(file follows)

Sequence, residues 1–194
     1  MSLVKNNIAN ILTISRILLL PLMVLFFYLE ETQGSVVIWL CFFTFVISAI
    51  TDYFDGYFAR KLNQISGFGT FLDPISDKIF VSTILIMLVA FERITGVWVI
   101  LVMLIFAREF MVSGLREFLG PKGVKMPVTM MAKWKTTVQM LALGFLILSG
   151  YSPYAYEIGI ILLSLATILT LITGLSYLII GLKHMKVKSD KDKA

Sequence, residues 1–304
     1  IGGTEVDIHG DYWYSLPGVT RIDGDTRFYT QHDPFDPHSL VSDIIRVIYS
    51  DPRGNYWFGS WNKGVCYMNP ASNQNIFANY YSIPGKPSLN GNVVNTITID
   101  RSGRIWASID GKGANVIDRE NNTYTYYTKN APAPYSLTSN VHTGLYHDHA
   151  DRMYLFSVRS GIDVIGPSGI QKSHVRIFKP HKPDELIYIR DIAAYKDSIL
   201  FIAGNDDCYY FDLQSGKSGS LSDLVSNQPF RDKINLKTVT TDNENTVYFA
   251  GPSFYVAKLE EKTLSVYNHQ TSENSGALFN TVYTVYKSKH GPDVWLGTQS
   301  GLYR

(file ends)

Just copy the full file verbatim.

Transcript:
Sequence, residues 1–194
     1  MSLVKNNIAN ILTISRILLL PLMVLFFYLE ETQGSVVIWL CFFTFVISAI
    51  TDYFDGYFAR KLNQISGFGT FLDPISDKIF VSTILIMLVA FERITGVWVI
   101  LVMLIFAREF MVSGLREFLG PKGVKMPVTM MAKWKTTVQM LALGFLILSG
   151  YSPYAYEIGI ILLSLATILT LITGLSYLII GLKHMKVKSD KDKA

Sequence, residues 1–304
     1  IGGTEVDIHG DYWYSLPGVT RIDGDTRFYT QHDPFDPHSL VSDIIRVIYS
    51  DPRGNYWFGS WNKGVCYMNP ASNQNIFANY YSIPGKPSLN GNVVNTITID
   101  RSGRIWASID GKGANVIDRE NNTYTYYTKN APAPYSLTSN VHTGLYHDHA
   151  DRMYLFSVRS GIDVIGPSGI QKSHVRIFKP HKPDELIYIR DIAAYKDSIL
   201  FIAGNDDCYY FDLQSGKSGS LSDLVSNQPF RDKINLKTVT TDNENTVYFA
   251  GPSFYVAKLE EKTLSVYNHQ TSENSGALFN TVYTVYKSKH GPDVWLGTQS
   301  GLYR